Because he has always been adventurous and funny, there are stories. Oh, the stories! One of my favorites is about a phone call Daddy received one night when Brother was in ninth grade. It was from a teacher whose class I had been in two years before, Coach Long. I had always behaved very nicely in his class. And then along came Brother. That night, Daddy picked up the phone, and Coach Long said, “Mr. Parmer, I sure hated to have to call you.” I’m sure they exchanged pleasantries before Coach Long told him the purpose of the call. “Mr. Parmer, your son is a leader, but he’s leading my class in the wrong direction (emphasis on the first syllable..DI-rection).” Uh-oh. Uh, yeah…. Brother was in big trouble. Apparently, he had been quite the class clown during Coach Long’s class. For the rest of the school year, I had to visit Coach Long every two weeks and ask him if Brother was behaving correctly. He would laugh, and I would too, but Brother behaved well for the rest of the school year, and he and Coach Long developed a mutual respect for each other…later becoming friends.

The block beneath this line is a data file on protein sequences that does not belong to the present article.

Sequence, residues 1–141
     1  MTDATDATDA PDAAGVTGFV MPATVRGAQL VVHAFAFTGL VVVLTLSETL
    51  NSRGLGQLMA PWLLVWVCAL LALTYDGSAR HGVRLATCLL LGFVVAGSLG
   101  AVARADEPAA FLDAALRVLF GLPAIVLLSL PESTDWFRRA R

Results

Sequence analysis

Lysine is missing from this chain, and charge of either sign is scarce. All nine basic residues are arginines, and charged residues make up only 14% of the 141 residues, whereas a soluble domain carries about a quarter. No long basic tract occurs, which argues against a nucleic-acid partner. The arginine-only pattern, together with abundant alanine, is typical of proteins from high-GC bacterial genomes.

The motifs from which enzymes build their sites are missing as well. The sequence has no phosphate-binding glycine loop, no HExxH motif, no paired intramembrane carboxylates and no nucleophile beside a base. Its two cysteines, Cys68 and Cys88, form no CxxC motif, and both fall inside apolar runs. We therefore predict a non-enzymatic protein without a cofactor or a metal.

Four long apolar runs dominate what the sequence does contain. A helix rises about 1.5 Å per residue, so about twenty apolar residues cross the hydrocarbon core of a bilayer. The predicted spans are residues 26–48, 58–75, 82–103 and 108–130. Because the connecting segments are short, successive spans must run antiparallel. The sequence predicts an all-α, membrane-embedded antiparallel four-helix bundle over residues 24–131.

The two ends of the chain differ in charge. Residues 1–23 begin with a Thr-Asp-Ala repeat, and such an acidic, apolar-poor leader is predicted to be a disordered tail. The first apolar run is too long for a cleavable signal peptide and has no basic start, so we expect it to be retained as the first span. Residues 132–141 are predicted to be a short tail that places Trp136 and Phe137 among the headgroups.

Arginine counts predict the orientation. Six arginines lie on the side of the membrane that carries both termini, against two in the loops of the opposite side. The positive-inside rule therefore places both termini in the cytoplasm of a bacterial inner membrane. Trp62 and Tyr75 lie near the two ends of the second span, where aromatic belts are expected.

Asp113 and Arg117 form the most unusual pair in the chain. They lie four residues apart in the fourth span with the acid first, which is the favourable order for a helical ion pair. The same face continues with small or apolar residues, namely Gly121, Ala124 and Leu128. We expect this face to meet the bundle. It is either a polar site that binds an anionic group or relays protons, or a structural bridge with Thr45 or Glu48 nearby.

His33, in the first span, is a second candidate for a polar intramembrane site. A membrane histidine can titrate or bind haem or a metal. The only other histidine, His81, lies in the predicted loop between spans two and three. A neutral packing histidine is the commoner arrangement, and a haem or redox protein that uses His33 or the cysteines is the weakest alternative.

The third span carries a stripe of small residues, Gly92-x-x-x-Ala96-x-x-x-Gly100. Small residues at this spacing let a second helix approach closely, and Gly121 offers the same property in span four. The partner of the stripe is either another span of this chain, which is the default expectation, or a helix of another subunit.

When Brother was 14, Mother drove past a local church and saw Brother driving a friend’s car…doing doughnuts in the parking lot. When she asked him about it later, he told her everything was under control…he knew how to drive…at 14. Apparently, he had been driving a friend’s car…frequently…big trouble. Another time, after he could drive legally, he and a friend drove a truck into a construction site. It was a weekend, so no one was there. They drove the truck down a steep loose-dirt hill and then couldn’t drive it out. Daddy borrowed a truck with a winch to pull them out…more trouble…and a lecture about responsibility and self control. “Just because you can, it doesn’t mean you should.” I know about the lecture, because I sat quietly at the top of the stairs and listened.